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A Scanner Darkly – the movie was filmed and then each frame was hand colored to give it an animated look.

The other reason the game plays like a movie is that the controls are so stiff and delayed that when you hit a button you have to wait so long to see the character perform the action you never really feel like you are in control and feel more like you are watching someone else play the game.


See the photo below for the game controls. They are pretty complex for the NES. The only issue, as stated above, is that the controller response is really laggy. Many times I would try to tap forward or jump and the character wouldn’t move so I would do it again and he would then move twice and fall off a cliff or walk into spikes. You have to be very patient, as they say, slow and steady wins the race.

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Straight from the horses mouth aka instruction manual.


Basically your job is to save the princess, how original. The catch is, you only have 60 minutes.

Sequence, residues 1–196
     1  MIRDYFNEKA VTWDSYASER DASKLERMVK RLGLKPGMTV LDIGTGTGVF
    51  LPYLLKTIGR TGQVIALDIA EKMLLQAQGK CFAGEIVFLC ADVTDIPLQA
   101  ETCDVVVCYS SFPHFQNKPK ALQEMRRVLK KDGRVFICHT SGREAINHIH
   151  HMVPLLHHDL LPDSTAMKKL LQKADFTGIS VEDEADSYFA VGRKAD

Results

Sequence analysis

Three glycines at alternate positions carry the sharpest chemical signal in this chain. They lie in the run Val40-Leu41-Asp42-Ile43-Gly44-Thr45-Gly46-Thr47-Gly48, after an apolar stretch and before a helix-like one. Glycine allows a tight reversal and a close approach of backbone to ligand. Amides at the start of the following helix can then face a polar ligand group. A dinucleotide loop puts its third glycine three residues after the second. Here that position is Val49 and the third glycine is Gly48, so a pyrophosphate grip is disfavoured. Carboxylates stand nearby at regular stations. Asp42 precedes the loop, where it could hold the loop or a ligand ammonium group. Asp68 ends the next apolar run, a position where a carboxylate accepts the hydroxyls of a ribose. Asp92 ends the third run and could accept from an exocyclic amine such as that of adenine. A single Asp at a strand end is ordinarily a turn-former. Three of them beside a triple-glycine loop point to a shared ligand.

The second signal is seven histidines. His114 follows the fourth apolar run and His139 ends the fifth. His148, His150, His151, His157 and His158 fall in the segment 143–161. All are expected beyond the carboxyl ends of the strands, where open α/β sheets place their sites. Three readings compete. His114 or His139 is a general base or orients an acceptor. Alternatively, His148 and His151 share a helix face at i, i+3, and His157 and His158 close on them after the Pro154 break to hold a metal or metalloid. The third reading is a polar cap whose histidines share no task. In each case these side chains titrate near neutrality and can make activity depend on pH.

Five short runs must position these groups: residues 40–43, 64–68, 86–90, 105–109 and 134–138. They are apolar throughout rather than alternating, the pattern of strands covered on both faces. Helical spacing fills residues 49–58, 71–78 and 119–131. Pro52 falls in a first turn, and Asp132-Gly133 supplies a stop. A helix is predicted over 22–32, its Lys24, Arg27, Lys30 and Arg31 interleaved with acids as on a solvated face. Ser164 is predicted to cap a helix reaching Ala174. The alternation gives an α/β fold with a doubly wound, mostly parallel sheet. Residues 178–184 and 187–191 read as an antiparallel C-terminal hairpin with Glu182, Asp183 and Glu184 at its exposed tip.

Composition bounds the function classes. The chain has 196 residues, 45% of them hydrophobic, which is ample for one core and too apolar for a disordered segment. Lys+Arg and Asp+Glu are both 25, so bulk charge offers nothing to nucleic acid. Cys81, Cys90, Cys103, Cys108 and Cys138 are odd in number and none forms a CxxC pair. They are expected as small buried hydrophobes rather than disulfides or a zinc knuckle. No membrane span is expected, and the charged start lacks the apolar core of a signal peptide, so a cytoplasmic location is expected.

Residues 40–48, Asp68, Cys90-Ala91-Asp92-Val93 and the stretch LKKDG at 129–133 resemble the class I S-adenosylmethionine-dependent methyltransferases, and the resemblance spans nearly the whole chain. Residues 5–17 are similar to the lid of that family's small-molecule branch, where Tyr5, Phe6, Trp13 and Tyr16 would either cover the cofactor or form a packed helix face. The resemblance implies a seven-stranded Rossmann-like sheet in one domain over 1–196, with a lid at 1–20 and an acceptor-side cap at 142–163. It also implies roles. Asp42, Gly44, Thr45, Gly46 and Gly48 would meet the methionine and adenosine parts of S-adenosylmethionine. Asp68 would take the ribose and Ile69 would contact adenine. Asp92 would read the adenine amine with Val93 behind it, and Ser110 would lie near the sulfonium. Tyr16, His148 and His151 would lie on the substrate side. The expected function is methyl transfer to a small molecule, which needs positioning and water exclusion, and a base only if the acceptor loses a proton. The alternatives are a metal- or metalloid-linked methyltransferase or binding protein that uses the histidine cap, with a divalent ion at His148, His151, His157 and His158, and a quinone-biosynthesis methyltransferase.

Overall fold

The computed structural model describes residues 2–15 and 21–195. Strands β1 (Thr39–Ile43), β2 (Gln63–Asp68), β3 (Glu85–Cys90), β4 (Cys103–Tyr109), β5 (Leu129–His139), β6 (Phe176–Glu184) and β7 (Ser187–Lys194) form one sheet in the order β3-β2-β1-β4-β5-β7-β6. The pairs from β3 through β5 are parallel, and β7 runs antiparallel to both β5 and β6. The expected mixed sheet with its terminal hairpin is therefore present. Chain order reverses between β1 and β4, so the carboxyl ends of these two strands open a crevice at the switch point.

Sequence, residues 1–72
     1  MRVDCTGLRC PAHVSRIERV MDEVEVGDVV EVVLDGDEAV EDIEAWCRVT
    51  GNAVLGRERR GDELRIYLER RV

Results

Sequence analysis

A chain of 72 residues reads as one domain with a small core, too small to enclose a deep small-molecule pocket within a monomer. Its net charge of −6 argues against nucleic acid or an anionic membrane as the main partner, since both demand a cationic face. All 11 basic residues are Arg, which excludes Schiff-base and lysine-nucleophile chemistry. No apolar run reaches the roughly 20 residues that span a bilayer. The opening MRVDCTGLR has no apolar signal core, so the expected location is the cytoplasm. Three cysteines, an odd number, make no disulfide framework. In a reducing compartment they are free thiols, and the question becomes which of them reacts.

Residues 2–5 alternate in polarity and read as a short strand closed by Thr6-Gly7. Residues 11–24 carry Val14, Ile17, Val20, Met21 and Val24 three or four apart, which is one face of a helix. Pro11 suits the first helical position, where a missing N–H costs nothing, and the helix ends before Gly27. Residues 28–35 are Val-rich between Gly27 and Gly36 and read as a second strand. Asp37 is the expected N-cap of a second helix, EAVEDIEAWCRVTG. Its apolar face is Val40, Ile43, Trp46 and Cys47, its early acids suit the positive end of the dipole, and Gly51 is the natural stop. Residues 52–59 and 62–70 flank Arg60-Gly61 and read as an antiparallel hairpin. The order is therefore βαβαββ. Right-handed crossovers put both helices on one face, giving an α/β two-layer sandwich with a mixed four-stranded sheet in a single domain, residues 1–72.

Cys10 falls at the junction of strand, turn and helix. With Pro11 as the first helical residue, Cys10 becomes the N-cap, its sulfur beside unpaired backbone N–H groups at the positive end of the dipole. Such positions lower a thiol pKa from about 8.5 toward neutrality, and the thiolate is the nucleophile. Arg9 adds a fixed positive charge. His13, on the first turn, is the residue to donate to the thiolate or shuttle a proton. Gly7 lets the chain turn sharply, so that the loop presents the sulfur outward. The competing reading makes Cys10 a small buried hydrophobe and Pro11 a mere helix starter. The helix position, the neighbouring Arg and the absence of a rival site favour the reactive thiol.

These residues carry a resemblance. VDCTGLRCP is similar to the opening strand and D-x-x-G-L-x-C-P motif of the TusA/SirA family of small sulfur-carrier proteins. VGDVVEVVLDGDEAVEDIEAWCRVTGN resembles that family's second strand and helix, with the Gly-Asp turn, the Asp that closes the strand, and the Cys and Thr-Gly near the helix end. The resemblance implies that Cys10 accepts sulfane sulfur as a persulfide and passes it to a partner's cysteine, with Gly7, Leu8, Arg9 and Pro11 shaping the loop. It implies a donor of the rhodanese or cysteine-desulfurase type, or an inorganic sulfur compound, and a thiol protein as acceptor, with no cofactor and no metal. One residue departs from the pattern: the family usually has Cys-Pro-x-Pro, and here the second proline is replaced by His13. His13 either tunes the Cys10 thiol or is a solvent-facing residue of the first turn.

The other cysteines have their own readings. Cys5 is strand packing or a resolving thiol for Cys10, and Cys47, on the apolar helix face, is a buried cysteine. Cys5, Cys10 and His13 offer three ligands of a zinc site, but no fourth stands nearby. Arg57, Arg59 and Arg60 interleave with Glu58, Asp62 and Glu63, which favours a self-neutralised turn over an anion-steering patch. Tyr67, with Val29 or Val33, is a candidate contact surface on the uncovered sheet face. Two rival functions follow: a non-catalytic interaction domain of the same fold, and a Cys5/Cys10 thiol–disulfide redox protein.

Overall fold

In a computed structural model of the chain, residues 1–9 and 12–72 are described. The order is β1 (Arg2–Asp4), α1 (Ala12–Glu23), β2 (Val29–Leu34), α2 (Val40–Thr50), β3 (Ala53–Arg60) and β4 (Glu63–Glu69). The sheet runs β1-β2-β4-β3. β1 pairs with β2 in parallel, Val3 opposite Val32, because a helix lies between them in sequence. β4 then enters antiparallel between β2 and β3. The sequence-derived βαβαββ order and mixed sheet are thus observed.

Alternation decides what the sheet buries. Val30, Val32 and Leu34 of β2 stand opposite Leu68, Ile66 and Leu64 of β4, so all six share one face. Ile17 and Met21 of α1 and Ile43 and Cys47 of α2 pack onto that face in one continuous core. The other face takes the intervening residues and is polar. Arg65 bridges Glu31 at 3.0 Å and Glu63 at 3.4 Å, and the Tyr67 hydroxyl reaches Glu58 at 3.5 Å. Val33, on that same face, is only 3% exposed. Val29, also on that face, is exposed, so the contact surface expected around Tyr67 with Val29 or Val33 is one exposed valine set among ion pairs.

60 Minutes

The game design is fairly unique. For one, you have 60 minutes to complete all 12 levels. That means if you beat a level too slowly you stand no chance of beating the game. Luckily after each stage you get a password.

The strategy I used was as follows:

Play through level one over and over until I could beat it in about 2 minutes. Record the password on my best run through the level. Play through level 2 until I could beat it quickly and then reset the game and enter the password I got for beating level 1 quickly.

Record the password after beating level 2 quickly, practice level 3…rinse and repeat.

This way I didn’t have to beat all 12 levels in a single play through by playing perfectly. This would be nearly impossible as sometimes jumps would be really hard, and sometimes they would be easy and sometimes enemies would destroy me in seconds and sometimes I would destroy them in seconds.

With more responsive controls I would have been much more likely to play through all 12 levels without exploiting the passwords.